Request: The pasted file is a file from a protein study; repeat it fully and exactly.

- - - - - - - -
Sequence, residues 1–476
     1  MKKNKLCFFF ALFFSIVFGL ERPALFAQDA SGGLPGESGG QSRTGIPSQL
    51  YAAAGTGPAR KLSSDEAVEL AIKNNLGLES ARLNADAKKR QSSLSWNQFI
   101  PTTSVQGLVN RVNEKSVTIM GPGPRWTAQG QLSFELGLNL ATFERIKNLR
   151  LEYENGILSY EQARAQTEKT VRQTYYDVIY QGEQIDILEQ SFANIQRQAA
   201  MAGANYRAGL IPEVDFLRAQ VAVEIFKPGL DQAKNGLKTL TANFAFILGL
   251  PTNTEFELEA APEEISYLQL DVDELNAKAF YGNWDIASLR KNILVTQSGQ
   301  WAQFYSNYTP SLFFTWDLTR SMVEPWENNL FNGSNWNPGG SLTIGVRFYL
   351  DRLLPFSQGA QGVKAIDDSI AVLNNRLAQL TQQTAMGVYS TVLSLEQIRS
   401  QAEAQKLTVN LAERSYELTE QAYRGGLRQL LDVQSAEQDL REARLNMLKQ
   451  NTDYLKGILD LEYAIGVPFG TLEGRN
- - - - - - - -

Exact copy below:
Sequence, residues 1–476
     1  MKKNKLCFFF ALFFSIVFGL ERPALFAQDA SGGLPGESGG QSRTGIPSQL
    51  YAAAGTGPAR KLSSDEAVEL AIKNNLGLES ARLNADAKKR QSSLSWNQFI
   101  PTTSVQGLVN RVNEKSVTIM GPGPRWTAQG QLSFELGLNL ATFERIKNLR
   151  LEYENGILSY EQARAQTEKT VRQTYYDVIY QGEQIDILEQ SFANIQRQAA
   201  MAGANYRAGL IPEVDFLRAQ VAVEIFKPGL DQAKNGLKTL TANFAFILGL
   251  PTNTEFELEA APEEISYLQL DVDELNAKAF YGNWDIASLR KNILVTQSGQ
   301  WAQFYSNYTP SLFFTWDLTR SMVEPWENNL FNGSNWNPGG SLTIGVRFYL
   351  DRLLPFSQGA QGVKAIDDSI AVLNNRLAQL TQQTAMGVYS TVLSLEQIRS
   401  QAEAQKLTVN LAERSYELTE QAYRGGLRQL LDVQSAEQDL REARLNMLKQ
   451  NTDYLKGILD LEYAIGVPFG TLEGRN